REGINA, Saskatchewan, May 20, 2015 (LifeSiteNews.com) –Now it is Saskatchewan’s turn to be subjected to bullying by powerful “sexual minorities,” left wing political parties and mainstream news media into promoting homosexuality.
The minority New Democratic Party has introduced a bill in the legislature that would put on the same level the time-honored democratic rights to freedom of religion, conscience and association the right to establish homosexual clubs on school campuses—so-called Gay-Straight Alliances. And not just for public schools but private Christian and state-supported Catholic schools too, despite their principled opposition to homosexuality as banned by Holy Scripture, Church Tradition, and Natural Law.
The Respect for Diversity—Students Bill of Rights Act would lump together as just one “right” all those principles once deemed paramount and available to all people in liberal, pluralistic democracy, “freedom of conscience, opinion and belief, freedom of expression, and freedom of assembly and association.”
But the so-called bill of students’ rights then enumerates as separate and distinct:
“1. The right to have any disability reasonably accommodated; 2. The right to a positive and safe school environment, free of bullying and intimidation; 3. The right to have any concerns about bullying and intimidation, including cyberbullying and other harmful actions dealt with by the school principal.”
And, of course, it upholds the right that Canadians fought for so fiercely at Vimy, Ortona, Normandy, and Kapyong, unbeknownst to themselves, namely, “The right to establish and lead activities and groups that promote a safe and inclusive learning environment, and acceptance of and respect for others, including activities and groups that promote: (i) gender equity and… (v) respect for people of all sexual orientations and gender identities and expressions.”
The NDP is all for it. The Saskatchewan Teachers Association is all for it. The United Church is for it. The Saskatoon Star-Phoenix is all for it. Yet the governing, small “c” conservative, Saskatchewan Party, thinks it is unnecessary.
Education Minister Dan Morgan said during the debate on the bill that if schools aren't allowing gay-straight alliances (GSAs), the government may fine them. “We control the funding to the school divisions, and if somebody produces an example where the school division refuses [to establish a GSA], well, we don't need to make a law, we sign the checks.”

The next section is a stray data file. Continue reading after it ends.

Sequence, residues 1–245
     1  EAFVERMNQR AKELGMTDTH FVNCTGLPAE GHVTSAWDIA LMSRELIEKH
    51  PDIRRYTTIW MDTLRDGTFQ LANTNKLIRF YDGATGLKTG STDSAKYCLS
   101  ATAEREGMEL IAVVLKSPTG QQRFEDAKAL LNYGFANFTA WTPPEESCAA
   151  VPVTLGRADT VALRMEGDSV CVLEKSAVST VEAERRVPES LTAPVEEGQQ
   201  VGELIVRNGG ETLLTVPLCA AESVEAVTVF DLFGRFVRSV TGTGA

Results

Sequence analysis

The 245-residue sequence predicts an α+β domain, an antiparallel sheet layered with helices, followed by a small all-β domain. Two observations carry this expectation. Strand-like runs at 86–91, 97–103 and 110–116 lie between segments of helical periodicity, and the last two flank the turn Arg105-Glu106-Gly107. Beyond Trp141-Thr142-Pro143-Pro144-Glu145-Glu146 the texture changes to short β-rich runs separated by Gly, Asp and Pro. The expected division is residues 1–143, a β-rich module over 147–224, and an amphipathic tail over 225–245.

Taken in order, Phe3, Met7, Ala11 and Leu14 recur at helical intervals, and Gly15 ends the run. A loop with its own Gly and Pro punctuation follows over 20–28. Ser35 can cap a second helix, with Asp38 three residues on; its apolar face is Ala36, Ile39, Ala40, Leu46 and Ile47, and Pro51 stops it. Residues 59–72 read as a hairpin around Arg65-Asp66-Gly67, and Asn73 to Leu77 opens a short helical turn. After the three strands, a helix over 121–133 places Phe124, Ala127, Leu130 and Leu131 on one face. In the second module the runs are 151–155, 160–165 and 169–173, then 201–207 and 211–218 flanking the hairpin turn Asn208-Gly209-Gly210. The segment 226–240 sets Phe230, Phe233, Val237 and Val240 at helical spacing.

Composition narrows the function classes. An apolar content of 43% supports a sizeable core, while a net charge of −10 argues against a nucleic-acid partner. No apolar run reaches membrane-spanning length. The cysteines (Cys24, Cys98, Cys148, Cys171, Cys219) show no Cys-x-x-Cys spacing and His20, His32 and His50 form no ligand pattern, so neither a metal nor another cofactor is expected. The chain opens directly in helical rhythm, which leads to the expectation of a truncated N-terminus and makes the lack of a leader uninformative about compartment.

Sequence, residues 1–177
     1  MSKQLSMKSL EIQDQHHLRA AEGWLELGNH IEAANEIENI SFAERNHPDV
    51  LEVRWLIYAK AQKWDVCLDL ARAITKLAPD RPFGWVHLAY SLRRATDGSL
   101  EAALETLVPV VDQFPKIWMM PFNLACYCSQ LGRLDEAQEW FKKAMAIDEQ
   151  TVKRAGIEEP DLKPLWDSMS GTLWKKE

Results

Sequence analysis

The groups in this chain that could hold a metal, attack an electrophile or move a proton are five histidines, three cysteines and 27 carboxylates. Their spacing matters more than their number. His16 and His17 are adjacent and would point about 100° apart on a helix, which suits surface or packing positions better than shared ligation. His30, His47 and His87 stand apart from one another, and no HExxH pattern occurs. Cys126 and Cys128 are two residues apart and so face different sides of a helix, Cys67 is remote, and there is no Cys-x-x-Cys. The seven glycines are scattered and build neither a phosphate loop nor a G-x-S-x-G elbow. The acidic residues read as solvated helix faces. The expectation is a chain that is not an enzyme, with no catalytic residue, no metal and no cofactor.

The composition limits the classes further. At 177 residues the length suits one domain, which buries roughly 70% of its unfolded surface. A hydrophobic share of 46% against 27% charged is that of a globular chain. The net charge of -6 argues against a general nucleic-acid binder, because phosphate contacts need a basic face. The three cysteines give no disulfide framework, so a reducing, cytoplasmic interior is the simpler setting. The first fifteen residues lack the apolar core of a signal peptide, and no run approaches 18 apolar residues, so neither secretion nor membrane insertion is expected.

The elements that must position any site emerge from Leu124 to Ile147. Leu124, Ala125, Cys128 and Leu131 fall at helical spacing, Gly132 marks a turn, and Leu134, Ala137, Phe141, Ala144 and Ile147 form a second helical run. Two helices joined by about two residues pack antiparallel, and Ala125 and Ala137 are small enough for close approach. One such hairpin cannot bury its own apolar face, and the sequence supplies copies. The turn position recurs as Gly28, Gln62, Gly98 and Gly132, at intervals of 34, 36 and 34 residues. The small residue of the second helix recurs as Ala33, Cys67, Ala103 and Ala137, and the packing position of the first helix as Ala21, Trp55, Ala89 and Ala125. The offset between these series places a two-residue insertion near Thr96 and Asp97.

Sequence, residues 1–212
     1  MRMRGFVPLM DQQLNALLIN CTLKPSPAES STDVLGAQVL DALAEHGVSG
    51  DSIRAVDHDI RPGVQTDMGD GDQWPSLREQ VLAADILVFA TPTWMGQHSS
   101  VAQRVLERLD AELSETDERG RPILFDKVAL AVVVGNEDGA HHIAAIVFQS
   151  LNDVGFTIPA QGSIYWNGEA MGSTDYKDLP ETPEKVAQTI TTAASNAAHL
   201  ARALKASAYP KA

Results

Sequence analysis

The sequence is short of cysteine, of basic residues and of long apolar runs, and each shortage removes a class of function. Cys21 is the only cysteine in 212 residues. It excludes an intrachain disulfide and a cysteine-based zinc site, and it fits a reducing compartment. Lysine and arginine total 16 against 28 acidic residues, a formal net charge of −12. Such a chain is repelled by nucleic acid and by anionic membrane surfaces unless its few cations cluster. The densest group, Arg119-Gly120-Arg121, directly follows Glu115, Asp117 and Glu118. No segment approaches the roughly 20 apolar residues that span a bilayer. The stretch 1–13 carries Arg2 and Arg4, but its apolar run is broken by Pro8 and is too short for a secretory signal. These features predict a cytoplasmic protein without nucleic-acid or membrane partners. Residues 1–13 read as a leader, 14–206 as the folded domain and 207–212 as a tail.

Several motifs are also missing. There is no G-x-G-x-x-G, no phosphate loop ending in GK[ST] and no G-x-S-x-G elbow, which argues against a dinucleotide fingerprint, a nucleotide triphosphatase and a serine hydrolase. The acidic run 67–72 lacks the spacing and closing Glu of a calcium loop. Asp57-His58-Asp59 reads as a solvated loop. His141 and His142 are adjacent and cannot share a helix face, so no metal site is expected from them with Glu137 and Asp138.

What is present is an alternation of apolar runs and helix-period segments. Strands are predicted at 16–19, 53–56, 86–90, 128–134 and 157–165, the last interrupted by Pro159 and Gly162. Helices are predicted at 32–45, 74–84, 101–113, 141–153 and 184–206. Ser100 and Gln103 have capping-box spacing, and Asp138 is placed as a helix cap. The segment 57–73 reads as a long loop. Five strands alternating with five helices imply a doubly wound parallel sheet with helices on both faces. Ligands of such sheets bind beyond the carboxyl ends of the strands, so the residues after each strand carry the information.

But a government backbencher undermined his own minister. Saskatoon MLA Paul Merriman argued that the GSA bill would weaken the autonomy of school divisions, as if defunding them would not. Not only public schools, but Catholic, Christian, and other private schools get government funding in Saskatchewan.
On the other hand GSA campaigner Chandra McIvor, in an interview with the Regina Leader-Post, seemed to admit the lack of evidence for homosexual students being refused GSAs. “The ironic thing is that these youth don't even feel safe enough to share their concerns with their school because of the homophobic and transphobic culture there,” she said. “In other words, few students have asked for GSAs and none has been refused, but this just proves the need for them all the more. These kids aren't speaking up because they're scared of being the kid that causes trouble,” she insisted.
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The Saskatoon Star-Phoenix bought into McIvor’s inverted logic in an unsigned editorial on May 19, arguing, “The very fact that the minister is having trouble getting specifics about such incidents [of students’ requests for GSAs being refused] only underlines the reality of prevailing fears rather than discredits the notion that a problem exists.”
Missing from the debate and from news coverage is the fact that the NDP bill would force Christian schools to establish clubs that defend behavior they condemn. The government’s discretionary policy, on the other hand, would allow such schools to deal with bullying of “sexual minorities” in their own way. Ken Loehndorf , executive director of the Saskatchewan Catholic School Board Association, told LifeSiteNews that while several public schools in Saskatchewan had allowed GSAs to be set up, none of the province’s 120 Catholic schools (all fully tax-supported) had done so.
“We have no official position on gay straight alliances,” said Loehndorf. Any request for a GSA club would be considered on an ad-hoc basis in consultation with the local bishop.
But as far as he knows, no Catholic student has asked for a GSA, and none has been refused. Instead, inquiries from homosexual students have been responded to in other ways, by referral to chaplains, guidance counselors, or to social justice clubs, which in their advocacy for minority rights and justice, could also speak out for the civil rights of “sexual minorities.” All this was suggested in a document prepared for the Catholic system six years ago titled Pastoral Care for Students with Same-Sex Orientation, which became the basis of seminars to which all boards were invited to send staff.
The kind of leeway enjoyed by the Catholic system, which serves 22 percent of the province’s students, would be wiped out by the NDP bill. “There is nothing mandatory at all, right now,” said Loehndorf. “But it is our hope and our objective that we are supporting all our students.” Still, recent talks with the minister of education suggest the government is not as firm as it once was in opposing legislation, said Loehndorf.
The government may be emulating the Progressive Conservative government in Alberta by rejecting the opposition’s bill and then introducing its own bill that allows more manoeuvrability to Christian schools. But that move failed to satisfy the government’s own MLAs. And ultimately the PCs went to down to ignominious defeat on other issues.